|Have you got an agile brand reputation strategy?|
|Written by Pete Young|
|Tuesday, 08 February 2011 01:38|
This is a conversation that has been going on for a while. PR’s (as perceived guardians of the brand) often feel that they are best placed to position themselves as online guardians as well. SEO’s as guardians of much that is content and search results see themselves as best placed to exploit – and more recently the social media element have placed their cards on the table as best placed to manage clients through these oft murky waters.
This has been a hot topic before with organisations such as Wolfstar and Edelman offering their thoughts and insight into where brand reputations management should lie – however I would add that both may have softened those perspectives in recent years (well the former anyhow). That said I would suggest this is still often a battle I see played out every day in the corporate environment, where we often see many organisations put profit before client needs and requirements.
The answer to much of this lies in an integrated response bringing the core skills of each channel to the table. Gone are the days when a single channel should and is responsible for one part of a clients requirements. Online often means integration, and this often means working with other channels and skillsets. Modern day SEO in particular comprises many elements of other channel media within its framework such as video optimisation, online pr distribution and guest posts – much of which from an offline perspective may have fallen into very different boxes such as TV and PR.
The Battle Over Brand Management
Certainly I would suggest PR still has a very important part to play in the online brand reputation stakes as tone of voice can always will be an important weapon in understanding and responding to particularly issues. However traditionally PR has always approached online with a degree of trepidation and often err significantly on the side of caution. This is where social media with a rich understanding of the online space can come into vogue. Key metrics such as influence can be utilised here to most effectively respond to any potential issues that could come a brands way.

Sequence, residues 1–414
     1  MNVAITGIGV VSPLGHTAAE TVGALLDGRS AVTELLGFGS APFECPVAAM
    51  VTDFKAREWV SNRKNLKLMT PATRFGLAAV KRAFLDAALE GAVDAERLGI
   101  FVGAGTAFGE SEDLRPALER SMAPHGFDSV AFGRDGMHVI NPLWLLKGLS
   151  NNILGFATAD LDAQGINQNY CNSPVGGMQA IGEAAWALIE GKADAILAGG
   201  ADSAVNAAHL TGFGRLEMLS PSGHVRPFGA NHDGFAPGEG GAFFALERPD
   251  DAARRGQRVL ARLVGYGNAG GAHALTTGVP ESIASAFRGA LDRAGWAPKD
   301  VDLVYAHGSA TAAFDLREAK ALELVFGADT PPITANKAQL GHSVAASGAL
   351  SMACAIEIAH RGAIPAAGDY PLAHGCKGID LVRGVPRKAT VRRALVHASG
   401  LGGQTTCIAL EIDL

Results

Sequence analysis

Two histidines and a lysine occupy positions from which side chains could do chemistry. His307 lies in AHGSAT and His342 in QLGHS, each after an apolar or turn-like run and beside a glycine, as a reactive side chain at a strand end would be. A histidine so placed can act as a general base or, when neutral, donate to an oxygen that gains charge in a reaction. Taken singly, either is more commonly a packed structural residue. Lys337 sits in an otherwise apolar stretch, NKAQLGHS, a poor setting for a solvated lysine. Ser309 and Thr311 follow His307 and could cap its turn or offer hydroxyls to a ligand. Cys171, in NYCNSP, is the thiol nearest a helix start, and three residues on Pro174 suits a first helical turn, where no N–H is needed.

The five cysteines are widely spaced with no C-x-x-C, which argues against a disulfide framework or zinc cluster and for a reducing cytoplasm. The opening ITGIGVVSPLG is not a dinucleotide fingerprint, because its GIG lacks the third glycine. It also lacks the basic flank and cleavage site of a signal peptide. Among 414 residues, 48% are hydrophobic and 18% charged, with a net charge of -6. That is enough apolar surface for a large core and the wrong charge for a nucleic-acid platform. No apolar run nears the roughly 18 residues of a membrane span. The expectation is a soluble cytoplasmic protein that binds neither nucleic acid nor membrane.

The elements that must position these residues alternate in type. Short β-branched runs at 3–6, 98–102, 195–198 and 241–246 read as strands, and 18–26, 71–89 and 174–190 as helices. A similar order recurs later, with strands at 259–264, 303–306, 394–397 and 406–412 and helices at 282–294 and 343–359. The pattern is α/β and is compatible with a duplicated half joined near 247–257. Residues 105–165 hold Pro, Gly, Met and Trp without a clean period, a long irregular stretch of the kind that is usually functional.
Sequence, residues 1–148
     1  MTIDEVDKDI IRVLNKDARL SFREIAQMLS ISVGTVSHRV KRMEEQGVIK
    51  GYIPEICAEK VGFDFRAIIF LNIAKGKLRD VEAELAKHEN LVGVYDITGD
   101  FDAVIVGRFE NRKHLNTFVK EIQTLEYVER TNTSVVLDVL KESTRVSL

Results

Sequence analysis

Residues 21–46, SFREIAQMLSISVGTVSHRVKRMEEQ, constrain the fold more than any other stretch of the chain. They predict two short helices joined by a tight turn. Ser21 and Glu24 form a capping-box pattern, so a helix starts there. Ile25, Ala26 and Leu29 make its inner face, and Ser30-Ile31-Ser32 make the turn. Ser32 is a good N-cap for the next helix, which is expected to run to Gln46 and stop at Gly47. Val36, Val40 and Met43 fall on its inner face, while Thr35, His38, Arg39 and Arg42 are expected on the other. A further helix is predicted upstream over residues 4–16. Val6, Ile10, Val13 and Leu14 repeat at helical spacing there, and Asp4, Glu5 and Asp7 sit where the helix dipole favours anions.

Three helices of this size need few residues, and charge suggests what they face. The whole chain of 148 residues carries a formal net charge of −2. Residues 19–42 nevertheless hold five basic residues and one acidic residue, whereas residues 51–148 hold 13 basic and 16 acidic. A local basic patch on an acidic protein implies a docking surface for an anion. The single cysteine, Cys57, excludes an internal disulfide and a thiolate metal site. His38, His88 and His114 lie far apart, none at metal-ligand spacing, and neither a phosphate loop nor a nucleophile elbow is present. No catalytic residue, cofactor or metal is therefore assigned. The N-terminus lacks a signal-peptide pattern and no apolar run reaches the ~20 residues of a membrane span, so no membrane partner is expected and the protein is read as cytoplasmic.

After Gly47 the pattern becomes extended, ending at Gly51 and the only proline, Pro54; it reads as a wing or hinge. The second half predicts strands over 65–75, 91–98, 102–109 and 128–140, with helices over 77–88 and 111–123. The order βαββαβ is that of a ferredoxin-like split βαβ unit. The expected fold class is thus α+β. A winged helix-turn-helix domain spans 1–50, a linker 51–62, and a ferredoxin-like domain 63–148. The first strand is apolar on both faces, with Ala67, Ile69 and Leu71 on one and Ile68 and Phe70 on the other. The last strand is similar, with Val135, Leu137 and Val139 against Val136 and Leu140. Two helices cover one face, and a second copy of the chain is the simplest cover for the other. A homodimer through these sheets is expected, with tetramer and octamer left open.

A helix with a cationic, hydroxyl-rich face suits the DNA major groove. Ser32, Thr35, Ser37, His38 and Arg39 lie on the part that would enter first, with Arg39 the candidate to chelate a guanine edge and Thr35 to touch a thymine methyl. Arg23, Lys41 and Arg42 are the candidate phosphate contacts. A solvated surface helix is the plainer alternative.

However, we have to remember that not much happens without the prying eye of Google seeing what is going on, and much of this can and does end up back in the search engine results. With the wrong type of wind prevailing this may find itself onto a brands search space and thus further magnify a potential issue even further.
This is where I believe search engines offer something so very different from both the afore mentioned skillsets and something that neither channel has found easy to replace.
Going Beyond the SERP
Increasingly brand is somewhere organisations want to protect, to make their own. Google to a certain extent have made this somewhat easier with the expansion of results where a perceived authority has been identified – often on specific brands. As such this can often mean that much of the real estate above the fold can be protected quite easily however that doesn’t mean one should think that is the job done.
Think about what you say in the first place, and where you say it – if you don’t theres a good chance it may come back to bite you....
|Last Updated on Tuesday, 08 February 2011 07:03|
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